82. Overlap of adjacent crowns in maxillary and dentary tooth rows: Absent (0); Present (1)

83. Crown is mesiodistally expanded above root in cheek teeth: Absent (0); Present (1)

84. Position of maximum apicobasal crown height in dentary/maxillary tooth rows: Anterior portion of tooth rows (0); Central portion of tooth rows (1)

85. Spaces between alveolar border and crowns of adjacent functional teeth in maxillary/dentary tooth rows: Absent (0); Present (1)

86. Epipophyses on anterior cervicals: Present (0); Absent (1)

87. Articulation between the zygapophyses of dorsal vertebrae: Flat (0); Tongue-and-groove (1)

88. Dorsals, number: 12-13 (0); 15 (1)

89. Sacrals, number: Two (0); Four or five (1); Six or more (2)

90. Number of sacral ribs contacting main body of ilium (posterior to preacetabular process): Two or three (0); Four (1); Five (1)

91. Sacrum, accessory articulation with anterior prepubis: Absent (0); Present (1)

92. Posterior sacral ribs are considerably longer than anterior sacral ribs: Absent (0); Present (1)

93. Ossified sternal ribs: Absent (0); Present (1)

94. Sternal plates, shape: Kidney-shaped (0); Shafted or hatchet-shaped (rod-like posterolateral process, expanded anterior end) (1)

95. Proportions of humerus and scapula: Scapula longer than, or subequal to, the humerus (0); Humerus substantially longer than the scapula

96. Deltopectoral crest development: Well-developed, projects anteriorly as a distinct flange (0); Rudimentary, is at most a thickening on the anterolateral margin of the humerus (1)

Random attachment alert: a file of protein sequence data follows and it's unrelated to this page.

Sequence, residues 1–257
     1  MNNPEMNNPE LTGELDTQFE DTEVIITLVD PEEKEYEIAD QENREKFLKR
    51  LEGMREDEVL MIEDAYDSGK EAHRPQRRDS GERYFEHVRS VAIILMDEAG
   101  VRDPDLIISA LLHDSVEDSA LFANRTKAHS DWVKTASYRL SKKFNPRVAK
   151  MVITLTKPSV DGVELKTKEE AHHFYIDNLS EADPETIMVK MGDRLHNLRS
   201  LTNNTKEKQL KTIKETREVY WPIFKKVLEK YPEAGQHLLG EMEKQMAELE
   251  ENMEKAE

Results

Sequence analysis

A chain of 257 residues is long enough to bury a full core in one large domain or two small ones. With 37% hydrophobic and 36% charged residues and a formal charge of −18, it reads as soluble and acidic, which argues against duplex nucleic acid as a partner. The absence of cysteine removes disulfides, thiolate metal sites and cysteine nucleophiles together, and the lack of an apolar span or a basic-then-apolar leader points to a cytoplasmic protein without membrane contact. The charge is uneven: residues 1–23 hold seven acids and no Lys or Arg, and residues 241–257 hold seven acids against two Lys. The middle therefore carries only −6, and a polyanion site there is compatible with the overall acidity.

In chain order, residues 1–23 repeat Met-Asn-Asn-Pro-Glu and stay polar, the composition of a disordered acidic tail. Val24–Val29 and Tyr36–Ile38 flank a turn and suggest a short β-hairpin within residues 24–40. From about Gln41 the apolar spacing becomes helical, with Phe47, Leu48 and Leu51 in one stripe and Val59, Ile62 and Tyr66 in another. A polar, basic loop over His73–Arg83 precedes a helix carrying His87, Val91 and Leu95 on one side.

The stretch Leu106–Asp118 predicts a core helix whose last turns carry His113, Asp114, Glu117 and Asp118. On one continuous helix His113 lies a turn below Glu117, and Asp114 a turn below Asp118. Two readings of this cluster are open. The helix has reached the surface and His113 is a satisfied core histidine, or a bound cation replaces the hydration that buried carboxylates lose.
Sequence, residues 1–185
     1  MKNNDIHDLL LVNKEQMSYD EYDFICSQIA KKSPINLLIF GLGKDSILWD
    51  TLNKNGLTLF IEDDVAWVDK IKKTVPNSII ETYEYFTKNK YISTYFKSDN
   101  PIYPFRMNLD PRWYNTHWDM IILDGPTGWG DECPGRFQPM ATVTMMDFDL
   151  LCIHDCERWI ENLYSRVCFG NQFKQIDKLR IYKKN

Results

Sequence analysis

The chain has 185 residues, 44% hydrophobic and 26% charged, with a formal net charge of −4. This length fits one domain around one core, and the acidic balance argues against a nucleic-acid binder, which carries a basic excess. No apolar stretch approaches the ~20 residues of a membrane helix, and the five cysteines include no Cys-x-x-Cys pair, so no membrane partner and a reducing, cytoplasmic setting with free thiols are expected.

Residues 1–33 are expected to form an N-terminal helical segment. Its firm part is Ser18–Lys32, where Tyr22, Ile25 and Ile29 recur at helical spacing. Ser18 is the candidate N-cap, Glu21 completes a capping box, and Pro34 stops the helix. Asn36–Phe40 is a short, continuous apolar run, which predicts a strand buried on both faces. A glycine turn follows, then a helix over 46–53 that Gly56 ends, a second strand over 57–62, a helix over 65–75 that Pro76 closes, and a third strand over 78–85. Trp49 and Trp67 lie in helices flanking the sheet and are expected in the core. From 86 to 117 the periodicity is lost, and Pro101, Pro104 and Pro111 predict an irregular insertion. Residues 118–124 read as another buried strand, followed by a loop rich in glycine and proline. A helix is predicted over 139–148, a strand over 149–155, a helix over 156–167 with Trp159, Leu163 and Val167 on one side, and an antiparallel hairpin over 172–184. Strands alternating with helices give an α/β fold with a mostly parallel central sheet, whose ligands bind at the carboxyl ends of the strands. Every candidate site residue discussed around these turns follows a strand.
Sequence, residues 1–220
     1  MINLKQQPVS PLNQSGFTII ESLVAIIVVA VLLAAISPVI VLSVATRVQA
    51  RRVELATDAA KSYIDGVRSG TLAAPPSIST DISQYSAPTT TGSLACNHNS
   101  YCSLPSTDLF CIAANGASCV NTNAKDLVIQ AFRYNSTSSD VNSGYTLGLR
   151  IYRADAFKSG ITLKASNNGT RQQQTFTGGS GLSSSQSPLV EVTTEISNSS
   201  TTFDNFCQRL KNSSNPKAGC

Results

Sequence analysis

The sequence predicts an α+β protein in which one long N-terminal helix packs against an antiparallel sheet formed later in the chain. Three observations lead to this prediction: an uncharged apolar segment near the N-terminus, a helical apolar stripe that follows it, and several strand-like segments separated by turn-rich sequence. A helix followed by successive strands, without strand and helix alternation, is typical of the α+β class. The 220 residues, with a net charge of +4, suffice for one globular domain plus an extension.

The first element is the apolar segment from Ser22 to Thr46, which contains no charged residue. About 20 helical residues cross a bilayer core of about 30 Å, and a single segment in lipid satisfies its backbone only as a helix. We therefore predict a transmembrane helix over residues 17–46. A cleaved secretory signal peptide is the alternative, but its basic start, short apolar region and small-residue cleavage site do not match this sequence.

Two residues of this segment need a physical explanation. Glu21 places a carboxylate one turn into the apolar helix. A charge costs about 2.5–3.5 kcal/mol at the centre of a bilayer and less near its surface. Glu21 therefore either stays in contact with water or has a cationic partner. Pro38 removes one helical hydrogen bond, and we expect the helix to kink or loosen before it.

97. Angle between distal deltopectoral crest and shaft of humerus: Less than 90 degrees (0); About 90 degrees (1)

98. Humeral length: More than 60% of femoral length (0); Less than 55% of femoral length (1)

99. Humeral shaft form, in anterior or posterior view: Relatively straight (0); Strongly bowed laterally along length (1)

100. Longest manual phalanx as percentage of length of humerus: Less than 10% (0);

More than 15% (1)

101. Metacarpals with block-like proximal ends: Absent (0); Present (1)

102. Penultimate phalanx of the second and third manual digits: Shorter than first phalanx (0); Longer than the first phalanx (1)

103. Extensor pits on the dorsal surface of the distal end of at least some manual phalanges/metacarpals: Absent or poorly developed (0); Deep, well-developed (1)

104. Manual unguals strongly recurved with prominent flexor tubercle: Absent (0);

Present (1)